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Back to Drug index

Back to Antiemetics

Name: Promethazine hydrochloride

Pregnancy Category C

Drug classes

  • Antiemetic
  • Phenothiazine
  • Dopaminergic blocking drug
  • Antihistamine
  • Antimotion sickness drug
  • Sedative

Therapeutic actions

Selectively blocks H1 receptors, diminishing the effects of histamine on cells of the upper respiratory tract and eyes and decreasing the sneezing, mucus production, itching, and tearing that accompany allergic reactions in sensitized people exposed to antigens; blocks cholinergic receptors in the vomiting center that are believed to mediate the nausea and vomiting caused by gastric irritation, by input from the vestibular apparatus (motion sickness, nausea associated with vestibular neuritis), and by input from the chemoreceptor trigger zone (drug- and radiation-induced emesis); depresses the reticular activating system, including the parts of the brain involved with wakefulness.


Symptomatic relief of symptoms associated with perennial and seasonal allergic rhinitis, vasomotor rhinitis, allergic conjunctivitis; mild, uncomplicated urticaria and angioedema; amelioration of allergic reactions to blood or plasma; dermatographism, adjunctive therapy (with
epinephrine and other measures) in anaphylactic reactions

Treatment and prevention of motion sickness; prevention and control of nausea and vomiting associated with anesthesia and surgery

Preoperative, postoperative, or obstetric sedation

Adjunct to analgesics to control postoperative pain

Adjunctive IV therapy with reduced amounts of meperidine or other narcotic analgesics in special surgical situations, such as repeated bronchoscopy, ophthalmic surgery, or in poor-risk patients


Contraindicated in the presence of hypersensitivity to antihistamines or phenothiazines, coma or severe CNS depression, bone marrow depression, vomiting of unknown cause, concomitant therapy with MAOIs, lactation (lactation may be inhibited).

Use caution in the presence of lower respiratory tract disorders (drug may cause thickening of secretions and impair expectoration), glaucoma, prostatic hypertrophy, cardiovascular disease or hypertension, breast cancer, thyrotoxicosis, pregnancy (jaundice and extrapyramidal symptoms have been reported in infants whose mothers received phenothiazines during pregnancy; drug may inhibit platelet aggregation in neonate if taken by mother within 2 wk of delivery), children (antihistamine overdosage may cause hallucinations, convulsions, and death), a child with a history of sleep apnea, a family history of sudden infant death syndrome, or Reye's syndrome (drug may mask the symptoms of Reye's syndrome and contribute to its development), the elderly (more likely to cause dizziness, sedation, syncope, toxic confusional states, hypotension, and extrapyramidal effects in the elderly).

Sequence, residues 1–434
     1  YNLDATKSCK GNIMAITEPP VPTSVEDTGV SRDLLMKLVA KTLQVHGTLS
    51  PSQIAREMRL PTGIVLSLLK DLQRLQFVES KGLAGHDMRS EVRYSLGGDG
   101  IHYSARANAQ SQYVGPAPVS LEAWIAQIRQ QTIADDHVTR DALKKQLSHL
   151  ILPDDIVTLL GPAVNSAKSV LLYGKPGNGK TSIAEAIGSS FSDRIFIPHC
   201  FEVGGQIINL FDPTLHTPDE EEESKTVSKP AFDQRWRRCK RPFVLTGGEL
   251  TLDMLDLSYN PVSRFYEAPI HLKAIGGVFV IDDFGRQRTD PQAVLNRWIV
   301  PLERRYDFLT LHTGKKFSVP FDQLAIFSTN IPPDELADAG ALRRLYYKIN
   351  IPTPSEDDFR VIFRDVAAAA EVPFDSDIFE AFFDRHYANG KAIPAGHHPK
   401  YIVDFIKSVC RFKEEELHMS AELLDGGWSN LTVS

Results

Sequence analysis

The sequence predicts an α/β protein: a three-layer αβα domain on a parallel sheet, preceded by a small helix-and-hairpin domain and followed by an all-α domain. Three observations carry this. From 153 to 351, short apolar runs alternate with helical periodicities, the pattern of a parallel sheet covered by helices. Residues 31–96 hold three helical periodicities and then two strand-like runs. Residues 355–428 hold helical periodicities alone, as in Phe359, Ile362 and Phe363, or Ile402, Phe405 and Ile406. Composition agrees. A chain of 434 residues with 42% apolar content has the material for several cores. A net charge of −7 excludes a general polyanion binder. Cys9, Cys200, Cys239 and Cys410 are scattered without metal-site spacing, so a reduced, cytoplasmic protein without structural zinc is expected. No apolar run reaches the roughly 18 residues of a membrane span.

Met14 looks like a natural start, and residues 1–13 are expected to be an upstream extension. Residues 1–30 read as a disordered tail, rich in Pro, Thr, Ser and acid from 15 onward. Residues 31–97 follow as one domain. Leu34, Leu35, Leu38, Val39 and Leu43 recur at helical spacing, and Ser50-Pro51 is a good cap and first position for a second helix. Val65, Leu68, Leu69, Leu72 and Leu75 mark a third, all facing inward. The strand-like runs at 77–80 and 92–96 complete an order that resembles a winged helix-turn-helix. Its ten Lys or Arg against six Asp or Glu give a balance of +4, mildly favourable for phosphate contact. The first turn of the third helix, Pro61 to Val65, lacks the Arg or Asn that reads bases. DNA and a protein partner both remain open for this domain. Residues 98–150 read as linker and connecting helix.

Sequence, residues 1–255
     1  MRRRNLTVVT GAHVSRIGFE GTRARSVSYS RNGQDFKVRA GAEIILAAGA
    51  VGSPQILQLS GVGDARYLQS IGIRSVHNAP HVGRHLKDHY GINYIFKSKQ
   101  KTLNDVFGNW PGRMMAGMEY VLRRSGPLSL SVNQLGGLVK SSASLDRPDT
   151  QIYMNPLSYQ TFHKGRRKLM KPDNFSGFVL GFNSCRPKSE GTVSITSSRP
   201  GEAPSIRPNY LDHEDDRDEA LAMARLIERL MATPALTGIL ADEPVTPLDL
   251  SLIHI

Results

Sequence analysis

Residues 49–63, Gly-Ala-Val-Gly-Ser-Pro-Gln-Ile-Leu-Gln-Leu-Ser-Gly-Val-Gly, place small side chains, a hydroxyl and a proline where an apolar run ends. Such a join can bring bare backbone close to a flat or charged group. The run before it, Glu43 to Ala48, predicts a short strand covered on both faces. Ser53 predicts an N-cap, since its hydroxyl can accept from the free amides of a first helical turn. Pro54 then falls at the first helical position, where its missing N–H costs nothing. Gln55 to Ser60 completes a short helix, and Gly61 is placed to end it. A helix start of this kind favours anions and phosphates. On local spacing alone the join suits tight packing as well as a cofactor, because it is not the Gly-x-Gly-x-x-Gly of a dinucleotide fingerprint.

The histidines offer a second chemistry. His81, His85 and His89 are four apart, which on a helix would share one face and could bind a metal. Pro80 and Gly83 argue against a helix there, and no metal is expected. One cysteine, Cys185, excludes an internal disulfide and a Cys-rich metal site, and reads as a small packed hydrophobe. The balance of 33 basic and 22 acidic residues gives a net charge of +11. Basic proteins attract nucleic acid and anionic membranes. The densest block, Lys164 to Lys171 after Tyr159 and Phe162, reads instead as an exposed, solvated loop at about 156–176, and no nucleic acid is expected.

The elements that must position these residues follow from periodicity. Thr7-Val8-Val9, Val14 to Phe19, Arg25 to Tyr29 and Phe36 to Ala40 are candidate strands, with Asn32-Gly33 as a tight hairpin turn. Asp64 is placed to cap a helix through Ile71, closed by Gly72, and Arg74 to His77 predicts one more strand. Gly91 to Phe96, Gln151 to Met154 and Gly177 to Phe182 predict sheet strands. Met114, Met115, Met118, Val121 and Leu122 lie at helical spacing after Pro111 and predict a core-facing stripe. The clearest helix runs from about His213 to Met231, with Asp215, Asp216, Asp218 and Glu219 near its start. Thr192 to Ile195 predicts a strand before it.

Adverse effects

  • CNS: Dizziness, drowsiness, poor coordination, confusion, restlessness, excitation, convulsions, tremors, headache, blurred vision, diplopia, vertigo, tinnitus
  • GI: Epigastric distress, nausea, vomiting, diarrhea, constipation
  • CV: Hypotension, palpitations, bradycardia, tachycardia, extrasystoles
  • Respiratory: Thickening of bronchial secretions; chest tightness; dry mouth, nose, and throat; respiratory depression; suppression of cough reflex, potential for aspiration
  • Hematologic: Hemolytic anemia, hypoplastic anemia, thrombocytopenia, leukopenia, agranulocytosis, pancytopenia
  • GU: Urinary frequency, dysuria, urinary retention, decreased libido, impotence
  • Dermatologic: Urticaria, rash, photosensitivity, chills
  • Other: Tingling, heaviness and wetness of the hands
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